So we're winding down our time at Institute (we've only got two teaching days left), so I wanted to document our lives at school. Here are some photos of our posters, classrooms, etc. We've been teaching our students how to write personal experience narratives. For my class, I turned our room into a mini newsroom and had the students write "on deadline."
So we're moving onto our last week of teaching for the summer, and things are getting a little sentimental around here. Granted, anyone who has known me for more than five minutes knows I'm the most sentimental stooge on the planet, so you can imagine how I'm feel after spending five weeks we some of the most amazing and inspiring people I've ever met.
It's hard to believe that Institute is almost over. With only four teaching days to go, we can all sense that the end is near, but we all realize there is still a lot of work to be done. Not only do we have to lesson plan, but we also have to assess our students to make sure they learned the material they need to in order to move on to their respective grades (mine start high school in the fall, they're so grown up!).
I'm looking forward to teaching tomorrow though. We're learning how to edit, which, oddly enough, I find great joy in (yes, I'm a nerd, begin hurling insults now).
Should be fun.
Here's a picture of my CMA group on Mean Girls (pink shirt) Friday. Please note how we are ALL wearing pink.
So I was having a discussion with my friend Meredith today via e-mail. She's one of my best friends, and since I moved to NYC, she and I have started a little ritual of e-mailing each other throughout the day. It works well since I get e-mail on my Blackberry and she sits at her desk at work.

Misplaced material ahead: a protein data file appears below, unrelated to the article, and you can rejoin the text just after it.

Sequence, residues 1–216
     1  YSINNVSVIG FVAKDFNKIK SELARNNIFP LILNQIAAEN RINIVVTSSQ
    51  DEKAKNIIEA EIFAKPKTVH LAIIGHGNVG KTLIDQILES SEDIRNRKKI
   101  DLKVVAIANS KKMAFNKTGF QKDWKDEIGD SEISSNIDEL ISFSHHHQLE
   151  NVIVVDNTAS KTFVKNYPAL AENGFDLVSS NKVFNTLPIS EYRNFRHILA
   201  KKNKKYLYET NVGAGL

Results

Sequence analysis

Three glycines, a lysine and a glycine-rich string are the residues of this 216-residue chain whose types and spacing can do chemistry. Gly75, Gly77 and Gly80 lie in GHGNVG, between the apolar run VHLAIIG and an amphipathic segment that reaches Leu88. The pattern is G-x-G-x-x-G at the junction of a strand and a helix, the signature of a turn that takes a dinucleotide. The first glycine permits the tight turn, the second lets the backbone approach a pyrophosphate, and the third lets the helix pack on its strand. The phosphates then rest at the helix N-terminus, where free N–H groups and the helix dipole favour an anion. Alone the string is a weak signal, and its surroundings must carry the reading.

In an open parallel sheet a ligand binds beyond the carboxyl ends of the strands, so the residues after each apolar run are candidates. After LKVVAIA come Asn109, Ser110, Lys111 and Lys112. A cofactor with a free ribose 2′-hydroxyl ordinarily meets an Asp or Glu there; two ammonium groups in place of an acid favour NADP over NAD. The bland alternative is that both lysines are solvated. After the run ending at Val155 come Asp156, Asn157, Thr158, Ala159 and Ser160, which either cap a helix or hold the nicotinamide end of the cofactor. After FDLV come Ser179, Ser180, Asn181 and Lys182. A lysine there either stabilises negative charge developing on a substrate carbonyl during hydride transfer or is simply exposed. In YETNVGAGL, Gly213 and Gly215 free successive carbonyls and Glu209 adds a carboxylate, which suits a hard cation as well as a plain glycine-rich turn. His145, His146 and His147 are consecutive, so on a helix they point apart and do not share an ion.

Well today, I was writing her an e-mail after I got done teaching my lesson on descriptive writing and using adjectives to make writing more engaging (surprisingly, my students got really into it!), and I told her how excited I was that ALL of my students completed today's assignment. Sure this seems like a minor accomplishment, but considering we've been in class for two and a half weeks and this was the first time, I was amazed. I told her, "It's all about the small victories every day." She responded, "As a teacher, that's what you HAVE to focus on." At the time, I didn't realize how much truth there was to that statement, but it was truly inspiration in hindsight. Thank you Meredith for helping me focus on the small accomplishments we make each day. Teaching is one of those day-by-day professions; or, as my friend Joe calls it, "a hard privilege that you HAVE to love doing." So true my friends, and thank you.